By Pooja Pande
It is far harder to kill a phantom than a reality.
Uzma Aslam Khan’s most recent novel, Thinner Than Skin, resonates with all the ominous eloquence those opening quotes suggest (the former from Charles Simic’s Memories of the Future, and the latter, from Virginia Woolf’s The Death of the Moth and Other Essays)—the fear, the anticipation, the sense of an other-worldly reality, the mystery that is human behavior, the sheer vulnerability of a life: “In later years, she would ask Maryam if her skin was as thin as a goat’s. And Maryam would tell her the truth. It was thinner. Which meant, of course, that if a goat could be shred that easily, so could a woman.”
Unfolding in the icy climes and unfriendly peaks of the glaciers of north Pakistan, the novel is narrated by Nadir, a Pakistani photographer living in San Francisco, and Maryam, a gypsy lady from a nomadic tribe in north Pakistan (one informed by an external vision that seeks the internal, and the other blessed with an innate vision that can perhaps alter the external).
Khan, who chooses to live in Pakistan and dust the experience of it through the sieve of fiction, addressing, in her novels, the politics of a nation in perpetual strife (“If not floods, raids… In Pakistan, it was hard to know which tragedy to dwell on most”), has a style unlike any other; this is not the world of Mohammed Hanif’s hard-as-nails clever prose, or Nadeem Aslam’s romantic, neo-magic realism. Uzma’s Pakistan always comes alive via the characters peopling her books, through classic storytelling. This is the place where each is determined not to be outstoried. The characters are all written into being with an intensity and care such that each of them tugs at the reader’s sympathy and sensibilities (such that that basic instinct to choose a favorite, is rendered almost meaningless), each of them positing a different aspect to the same argument, in a way. The argument of Pakistan’s place in the world. The argument of America’s problematic international politics. The argument of relationships between men and women, as uncharted and impossible and natural, as ancient glacier peaks: Sometimes it was desirable to put a mountain between yourself and someone else.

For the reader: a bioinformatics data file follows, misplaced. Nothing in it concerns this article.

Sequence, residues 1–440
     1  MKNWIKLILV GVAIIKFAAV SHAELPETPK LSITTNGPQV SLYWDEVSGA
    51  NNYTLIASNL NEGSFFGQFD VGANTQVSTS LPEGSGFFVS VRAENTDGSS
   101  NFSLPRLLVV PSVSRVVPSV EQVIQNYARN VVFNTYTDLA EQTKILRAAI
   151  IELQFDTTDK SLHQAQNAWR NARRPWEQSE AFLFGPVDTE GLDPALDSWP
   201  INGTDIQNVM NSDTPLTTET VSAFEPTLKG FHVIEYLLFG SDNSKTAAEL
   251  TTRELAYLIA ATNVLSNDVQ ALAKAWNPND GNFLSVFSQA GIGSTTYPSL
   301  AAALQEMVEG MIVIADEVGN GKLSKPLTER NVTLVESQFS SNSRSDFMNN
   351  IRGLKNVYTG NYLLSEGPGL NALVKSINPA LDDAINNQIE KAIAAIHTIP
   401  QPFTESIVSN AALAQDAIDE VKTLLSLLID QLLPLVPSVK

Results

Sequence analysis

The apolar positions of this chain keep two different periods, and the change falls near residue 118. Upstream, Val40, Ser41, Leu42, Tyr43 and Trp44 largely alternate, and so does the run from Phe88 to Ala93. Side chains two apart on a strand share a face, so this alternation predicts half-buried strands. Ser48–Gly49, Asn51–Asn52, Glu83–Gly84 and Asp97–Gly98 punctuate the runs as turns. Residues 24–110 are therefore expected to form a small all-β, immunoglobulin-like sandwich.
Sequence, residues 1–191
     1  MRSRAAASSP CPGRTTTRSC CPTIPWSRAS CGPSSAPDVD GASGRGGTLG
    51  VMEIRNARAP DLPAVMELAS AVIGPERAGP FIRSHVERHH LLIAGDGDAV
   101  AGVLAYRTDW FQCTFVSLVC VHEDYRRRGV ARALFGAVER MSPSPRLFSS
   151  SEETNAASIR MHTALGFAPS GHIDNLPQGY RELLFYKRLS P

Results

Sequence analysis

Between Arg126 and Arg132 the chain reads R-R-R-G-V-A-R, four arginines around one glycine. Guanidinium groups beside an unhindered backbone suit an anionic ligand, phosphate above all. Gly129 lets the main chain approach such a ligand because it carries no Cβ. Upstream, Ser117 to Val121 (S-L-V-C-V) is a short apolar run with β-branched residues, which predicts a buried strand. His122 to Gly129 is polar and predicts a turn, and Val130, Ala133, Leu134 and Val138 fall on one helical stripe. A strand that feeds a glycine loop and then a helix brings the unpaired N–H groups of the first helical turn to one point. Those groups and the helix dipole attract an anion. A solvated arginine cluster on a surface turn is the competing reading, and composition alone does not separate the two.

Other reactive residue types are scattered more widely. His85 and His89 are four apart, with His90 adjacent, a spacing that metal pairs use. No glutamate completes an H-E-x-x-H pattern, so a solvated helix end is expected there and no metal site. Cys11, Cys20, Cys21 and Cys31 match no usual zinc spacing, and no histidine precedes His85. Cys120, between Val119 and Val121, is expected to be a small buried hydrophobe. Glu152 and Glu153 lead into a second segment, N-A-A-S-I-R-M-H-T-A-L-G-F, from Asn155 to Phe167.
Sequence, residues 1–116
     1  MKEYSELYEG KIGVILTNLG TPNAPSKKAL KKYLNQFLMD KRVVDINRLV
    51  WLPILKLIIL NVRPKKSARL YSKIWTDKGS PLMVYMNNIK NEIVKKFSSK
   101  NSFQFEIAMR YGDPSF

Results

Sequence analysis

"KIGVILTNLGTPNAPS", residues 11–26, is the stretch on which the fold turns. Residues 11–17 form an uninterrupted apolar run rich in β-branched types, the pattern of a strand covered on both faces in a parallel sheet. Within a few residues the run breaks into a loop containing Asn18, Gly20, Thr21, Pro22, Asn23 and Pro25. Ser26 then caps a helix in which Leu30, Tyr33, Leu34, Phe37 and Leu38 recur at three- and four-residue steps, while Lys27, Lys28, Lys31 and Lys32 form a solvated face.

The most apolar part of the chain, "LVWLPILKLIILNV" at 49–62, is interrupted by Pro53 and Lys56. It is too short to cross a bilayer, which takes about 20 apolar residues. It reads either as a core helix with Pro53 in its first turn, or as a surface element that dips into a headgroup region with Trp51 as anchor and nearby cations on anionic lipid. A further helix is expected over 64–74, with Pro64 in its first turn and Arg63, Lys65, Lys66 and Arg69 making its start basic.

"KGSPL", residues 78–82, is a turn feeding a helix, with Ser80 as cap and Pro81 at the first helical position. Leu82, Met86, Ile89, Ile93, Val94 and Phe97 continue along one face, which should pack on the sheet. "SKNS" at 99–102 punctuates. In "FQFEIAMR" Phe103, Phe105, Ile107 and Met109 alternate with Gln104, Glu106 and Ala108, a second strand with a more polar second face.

Mimicking the slow movement that the novel’s gaze rests on—the glaciers—Thinner Than Skin throbs with the urgent question of movement in the human world. In a book that gets together nomads and expats and shape-shifters of all sorts, the big issue treads the territory of ‘home’; concerning itself with the age-old motifs of coming back and going away, wondering where you belong. Akin to the ginger plant: Always on the move, in the middle, between things, between being. Leave the vertical world to trees and mountains. Everything else with any sense at all—including gods and jinns—moved like the ginger plant…
You don’t just read Thinner Than Skin, you enter it and inhabit it in order to comprehend it.